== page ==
she orbits around
with color after color,
determined to create.
I ask her, what she created
and she answers,
This is what I created!
I laugh and tell her to keep going.
It is Saturday afternoon and
Jessi is the color of joy.
We paint the day together.
She asks if I’m going to color
with her,
and I pick up a crayon
like an old friend.
She laughs like a color wheel.
It sounds like my favorite color.
Reminds me of my brother,
her father, and when we were boys,
we would do everything together.
Now his daughter is in my house,
three years old, thirty-five inches tall.



At 55 miles per hour, a head on collision
between two vehicles has enough force
applied that both drivers could die on
impact. A quick death, I suppose
is a small mercy. I did not die, though
in life ingrained the expectation that
no one is that lucky.
It was a Sunday in Giddings, TX,
the day I should’ve died,
but didn’t. Think impossible.
Think inescapable fate.
And I escaped.
But the other driver did not.
What kind of miracle is this?
He crossed the dividing line
of oncoming traffic. Happened
so fast my body couldn’t
even see its fate. I never
broke like glass. Even though
my car
bounced like tumbleweed
over concrete and grass.
I question God and physics
all the time. What I feel
is a different kind of pain.
I never talk about that day
in November. It was raining.
I’m not particularly
proud of how the story ends, but
I am not here unless it ends that way
I didn’t do anything
but lock up, my blood
pumping frozen adrenaline.
The airbags did all the work—
cradle my spine and skull
into the grassy knoll. I
rolled over the concrete parking lot
Landed in the soft mud
the tender earth
oh, the gentle soil
that gave me
a safe place to crash. Maybe
was God
coming to my rescue—
and on the Day of Rest,
no less.





All day, we wait for the roast to fall apart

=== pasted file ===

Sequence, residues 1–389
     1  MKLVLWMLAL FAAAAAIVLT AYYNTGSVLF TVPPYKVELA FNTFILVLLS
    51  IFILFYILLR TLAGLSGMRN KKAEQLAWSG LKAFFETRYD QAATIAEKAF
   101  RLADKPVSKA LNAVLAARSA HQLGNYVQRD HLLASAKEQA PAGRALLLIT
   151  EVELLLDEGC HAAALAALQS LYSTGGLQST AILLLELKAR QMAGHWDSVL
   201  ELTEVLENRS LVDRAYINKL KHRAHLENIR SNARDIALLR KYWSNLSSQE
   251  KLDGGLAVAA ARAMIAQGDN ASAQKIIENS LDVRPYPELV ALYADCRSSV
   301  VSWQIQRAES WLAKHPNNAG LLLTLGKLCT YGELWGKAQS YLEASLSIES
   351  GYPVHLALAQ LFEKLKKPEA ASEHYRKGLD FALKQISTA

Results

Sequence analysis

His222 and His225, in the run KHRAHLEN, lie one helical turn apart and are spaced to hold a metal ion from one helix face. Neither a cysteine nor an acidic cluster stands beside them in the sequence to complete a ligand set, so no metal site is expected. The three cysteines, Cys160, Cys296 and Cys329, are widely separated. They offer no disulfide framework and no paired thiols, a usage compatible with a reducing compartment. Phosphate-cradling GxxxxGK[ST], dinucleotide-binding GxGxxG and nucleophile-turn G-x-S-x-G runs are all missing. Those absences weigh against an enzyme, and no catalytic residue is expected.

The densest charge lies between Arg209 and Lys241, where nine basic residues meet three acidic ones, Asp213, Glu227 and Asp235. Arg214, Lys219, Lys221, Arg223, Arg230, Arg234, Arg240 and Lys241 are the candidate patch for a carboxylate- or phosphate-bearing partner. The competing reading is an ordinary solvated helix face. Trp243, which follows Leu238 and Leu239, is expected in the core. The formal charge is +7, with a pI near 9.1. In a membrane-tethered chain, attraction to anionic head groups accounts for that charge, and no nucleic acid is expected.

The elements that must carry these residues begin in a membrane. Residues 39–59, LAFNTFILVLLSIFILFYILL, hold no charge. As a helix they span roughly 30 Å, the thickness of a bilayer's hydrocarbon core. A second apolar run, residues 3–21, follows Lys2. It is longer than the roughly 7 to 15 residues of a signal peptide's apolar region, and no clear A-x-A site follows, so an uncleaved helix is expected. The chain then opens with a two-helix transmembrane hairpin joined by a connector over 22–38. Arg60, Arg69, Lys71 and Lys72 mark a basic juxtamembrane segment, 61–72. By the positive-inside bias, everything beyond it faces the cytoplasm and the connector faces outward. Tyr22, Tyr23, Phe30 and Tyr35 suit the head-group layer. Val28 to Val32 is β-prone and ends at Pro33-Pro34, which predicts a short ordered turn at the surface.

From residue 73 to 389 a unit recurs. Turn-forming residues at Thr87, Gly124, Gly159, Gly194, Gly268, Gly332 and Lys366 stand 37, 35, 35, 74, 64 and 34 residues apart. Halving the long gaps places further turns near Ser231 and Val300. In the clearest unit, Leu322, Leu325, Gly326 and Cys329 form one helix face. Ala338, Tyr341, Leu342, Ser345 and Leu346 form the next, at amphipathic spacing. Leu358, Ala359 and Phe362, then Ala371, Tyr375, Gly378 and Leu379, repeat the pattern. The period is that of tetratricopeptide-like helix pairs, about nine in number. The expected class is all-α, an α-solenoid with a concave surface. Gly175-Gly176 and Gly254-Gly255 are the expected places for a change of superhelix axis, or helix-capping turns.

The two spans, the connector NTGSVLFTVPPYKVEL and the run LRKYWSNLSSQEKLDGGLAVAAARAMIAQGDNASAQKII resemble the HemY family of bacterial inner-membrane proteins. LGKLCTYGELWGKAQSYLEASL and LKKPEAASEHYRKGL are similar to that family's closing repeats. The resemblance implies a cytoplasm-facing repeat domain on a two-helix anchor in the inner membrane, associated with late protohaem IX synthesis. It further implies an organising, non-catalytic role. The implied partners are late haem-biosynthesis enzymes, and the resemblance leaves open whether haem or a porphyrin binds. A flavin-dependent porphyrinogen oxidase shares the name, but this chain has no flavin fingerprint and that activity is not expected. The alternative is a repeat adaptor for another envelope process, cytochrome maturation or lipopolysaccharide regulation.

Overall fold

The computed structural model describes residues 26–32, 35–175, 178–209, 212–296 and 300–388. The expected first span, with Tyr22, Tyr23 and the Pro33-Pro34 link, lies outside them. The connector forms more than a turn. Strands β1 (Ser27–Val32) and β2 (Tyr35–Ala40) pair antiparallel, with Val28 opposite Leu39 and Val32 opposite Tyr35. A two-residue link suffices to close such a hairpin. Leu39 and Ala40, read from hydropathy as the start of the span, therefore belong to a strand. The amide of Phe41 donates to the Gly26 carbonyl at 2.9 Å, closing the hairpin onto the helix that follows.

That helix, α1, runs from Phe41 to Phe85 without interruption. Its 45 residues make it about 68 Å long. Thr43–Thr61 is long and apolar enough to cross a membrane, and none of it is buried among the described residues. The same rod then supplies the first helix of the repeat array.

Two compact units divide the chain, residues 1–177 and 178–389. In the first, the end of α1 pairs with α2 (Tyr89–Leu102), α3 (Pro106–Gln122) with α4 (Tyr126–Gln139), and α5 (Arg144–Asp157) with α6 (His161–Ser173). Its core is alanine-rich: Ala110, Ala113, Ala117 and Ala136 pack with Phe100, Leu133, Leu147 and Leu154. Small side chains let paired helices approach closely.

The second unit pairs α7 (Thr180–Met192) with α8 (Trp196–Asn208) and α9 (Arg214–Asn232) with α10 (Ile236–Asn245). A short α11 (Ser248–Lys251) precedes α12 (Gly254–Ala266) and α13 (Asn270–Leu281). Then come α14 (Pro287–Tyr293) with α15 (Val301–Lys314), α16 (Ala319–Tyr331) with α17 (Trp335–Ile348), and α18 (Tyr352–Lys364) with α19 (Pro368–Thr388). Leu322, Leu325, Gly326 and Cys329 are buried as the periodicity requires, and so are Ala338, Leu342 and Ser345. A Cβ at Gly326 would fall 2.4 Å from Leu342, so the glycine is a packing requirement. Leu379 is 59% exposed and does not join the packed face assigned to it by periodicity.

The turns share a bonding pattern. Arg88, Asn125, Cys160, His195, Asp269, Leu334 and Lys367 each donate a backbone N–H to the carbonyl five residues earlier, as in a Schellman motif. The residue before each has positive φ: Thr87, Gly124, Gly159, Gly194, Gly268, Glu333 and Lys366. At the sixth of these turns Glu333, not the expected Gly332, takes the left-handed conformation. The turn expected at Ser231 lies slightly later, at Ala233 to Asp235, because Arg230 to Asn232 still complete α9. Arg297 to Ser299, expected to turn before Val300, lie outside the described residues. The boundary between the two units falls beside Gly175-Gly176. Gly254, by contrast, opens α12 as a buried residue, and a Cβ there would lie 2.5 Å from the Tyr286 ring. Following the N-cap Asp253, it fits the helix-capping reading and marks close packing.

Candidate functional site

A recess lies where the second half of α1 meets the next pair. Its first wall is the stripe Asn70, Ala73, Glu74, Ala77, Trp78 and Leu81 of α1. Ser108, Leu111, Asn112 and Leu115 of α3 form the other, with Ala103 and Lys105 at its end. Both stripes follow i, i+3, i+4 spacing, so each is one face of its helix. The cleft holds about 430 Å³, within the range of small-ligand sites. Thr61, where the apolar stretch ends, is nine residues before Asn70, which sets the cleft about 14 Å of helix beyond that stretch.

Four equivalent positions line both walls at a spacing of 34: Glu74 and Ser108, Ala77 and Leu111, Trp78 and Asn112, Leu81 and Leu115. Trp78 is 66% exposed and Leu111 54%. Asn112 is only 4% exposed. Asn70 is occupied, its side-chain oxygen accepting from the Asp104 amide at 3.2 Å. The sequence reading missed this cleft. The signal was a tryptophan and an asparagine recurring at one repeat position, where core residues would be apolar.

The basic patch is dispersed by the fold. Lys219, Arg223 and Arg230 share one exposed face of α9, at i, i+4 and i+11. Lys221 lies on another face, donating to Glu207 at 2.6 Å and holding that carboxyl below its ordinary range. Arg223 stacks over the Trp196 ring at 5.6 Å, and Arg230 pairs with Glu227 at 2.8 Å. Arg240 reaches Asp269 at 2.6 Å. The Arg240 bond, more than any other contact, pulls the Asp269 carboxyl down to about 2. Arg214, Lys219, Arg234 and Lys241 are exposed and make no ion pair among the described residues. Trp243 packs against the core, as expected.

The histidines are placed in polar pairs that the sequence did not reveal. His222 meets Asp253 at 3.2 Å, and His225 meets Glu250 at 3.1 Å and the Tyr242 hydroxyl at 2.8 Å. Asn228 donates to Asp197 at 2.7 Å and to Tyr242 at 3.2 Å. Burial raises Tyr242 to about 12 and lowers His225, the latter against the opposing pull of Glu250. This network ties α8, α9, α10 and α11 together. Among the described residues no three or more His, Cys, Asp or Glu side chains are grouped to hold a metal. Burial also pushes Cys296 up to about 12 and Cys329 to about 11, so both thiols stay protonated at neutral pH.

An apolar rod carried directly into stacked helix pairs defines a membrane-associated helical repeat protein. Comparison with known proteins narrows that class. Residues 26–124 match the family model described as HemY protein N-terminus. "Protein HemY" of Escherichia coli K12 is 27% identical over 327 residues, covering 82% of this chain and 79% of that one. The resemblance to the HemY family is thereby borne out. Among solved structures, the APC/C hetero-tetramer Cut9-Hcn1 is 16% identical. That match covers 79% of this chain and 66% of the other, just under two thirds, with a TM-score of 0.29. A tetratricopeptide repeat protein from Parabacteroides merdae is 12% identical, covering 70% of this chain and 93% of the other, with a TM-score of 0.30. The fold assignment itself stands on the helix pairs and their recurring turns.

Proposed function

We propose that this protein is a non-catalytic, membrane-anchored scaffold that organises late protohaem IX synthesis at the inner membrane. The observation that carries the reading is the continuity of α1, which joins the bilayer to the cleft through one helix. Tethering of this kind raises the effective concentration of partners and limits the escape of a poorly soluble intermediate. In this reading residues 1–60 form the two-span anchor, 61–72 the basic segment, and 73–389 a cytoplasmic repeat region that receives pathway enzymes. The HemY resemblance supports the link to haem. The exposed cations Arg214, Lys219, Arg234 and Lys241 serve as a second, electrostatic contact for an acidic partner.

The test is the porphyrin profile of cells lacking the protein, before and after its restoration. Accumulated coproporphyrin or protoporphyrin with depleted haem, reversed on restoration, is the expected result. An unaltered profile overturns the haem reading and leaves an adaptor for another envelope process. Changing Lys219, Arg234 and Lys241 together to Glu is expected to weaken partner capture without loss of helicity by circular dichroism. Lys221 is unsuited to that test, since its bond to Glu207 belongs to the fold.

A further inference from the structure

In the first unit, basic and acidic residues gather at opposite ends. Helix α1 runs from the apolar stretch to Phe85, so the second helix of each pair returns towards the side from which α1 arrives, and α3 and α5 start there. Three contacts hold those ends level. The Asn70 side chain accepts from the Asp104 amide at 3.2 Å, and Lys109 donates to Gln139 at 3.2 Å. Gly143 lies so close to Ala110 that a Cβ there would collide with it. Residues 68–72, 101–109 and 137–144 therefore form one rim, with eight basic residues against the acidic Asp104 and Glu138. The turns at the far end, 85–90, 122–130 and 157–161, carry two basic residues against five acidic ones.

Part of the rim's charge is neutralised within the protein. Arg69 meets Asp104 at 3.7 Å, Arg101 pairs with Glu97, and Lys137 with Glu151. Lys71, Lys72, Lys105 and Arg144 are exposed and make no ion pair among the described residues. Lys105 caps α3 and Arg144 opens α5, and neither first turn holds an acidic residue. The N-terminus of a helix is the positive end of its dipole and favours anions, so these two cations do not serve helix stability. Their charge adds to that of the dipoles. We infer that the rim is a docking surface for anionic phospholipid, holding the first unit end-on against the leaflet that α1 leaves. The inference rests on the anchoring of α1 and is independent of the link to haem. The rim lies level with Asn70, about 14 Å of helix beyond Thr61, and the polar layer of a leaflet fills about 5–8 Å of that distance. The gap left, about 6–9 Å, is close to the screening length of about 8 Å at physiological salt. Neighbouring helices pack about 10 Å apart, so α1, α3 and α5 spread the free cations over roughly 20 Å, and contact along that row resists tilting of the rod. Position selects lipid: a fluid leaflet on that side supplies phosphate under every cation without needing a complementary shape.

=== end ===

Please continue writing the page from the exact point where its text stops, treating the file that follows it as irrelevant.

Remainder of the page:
in the most beautiful way. I teach you how
to sear chuck roast in the Dutch Oven.
The oil pops a righteous song
We two-step in the kitchen.
I tell you to trust the process.
A textbook sear appears.
We’re nearly there, my love.
No need for a recipe,
I know where we’re going.
With a little patience,
Dinner is on the way.
Tonight we put our trust
in the miracle of slow heat.
I am a man in love with the idea of tenderness,
no matter how long it takes.


Strawberries, blueberries, apples,
lemon juice and orange juice,
sugar and slow heat
I witness
the alchemy of time,
what happens to
sweetness in the fire.
A watchman
over the flames.
Bearing fruit
until it reduces
into itself.
When I say I create,
I want you to hear
homemade. I want you to think
of my hands like a door,
open and ready
to work.


Taking our groceries to the car,
the Saturday sky looms like a bully
like Houston on a hot spring day.
We put the groceries away, efficiently
escaping the rain’s sudden arrival,
just a second faster than the downpour.
We missed the touch of a storm,
and I praise serendipity
with good timing
from my driver’s seat,
reminding myself that
even the tiniest miracle
is its own kind of chaos—
a silent disruption
in the plot of what
we thought was
going to happen.


Take IH-10 West.
Do not leave at 5 pm.
Go when the sun lowers.
71 West is your exit.
Drive five below for the first five miles.
Stop only at Buc-ee’s in Bastrop.
Do not get swallowed by the big blue sky.
Do not take the toll road.
Take the long way home.
Call your mom an hour out.
Call your mom a half-hour out.
If mom is sleeping when you arrive,
kiss her on the cheek.
Tell her you’re home.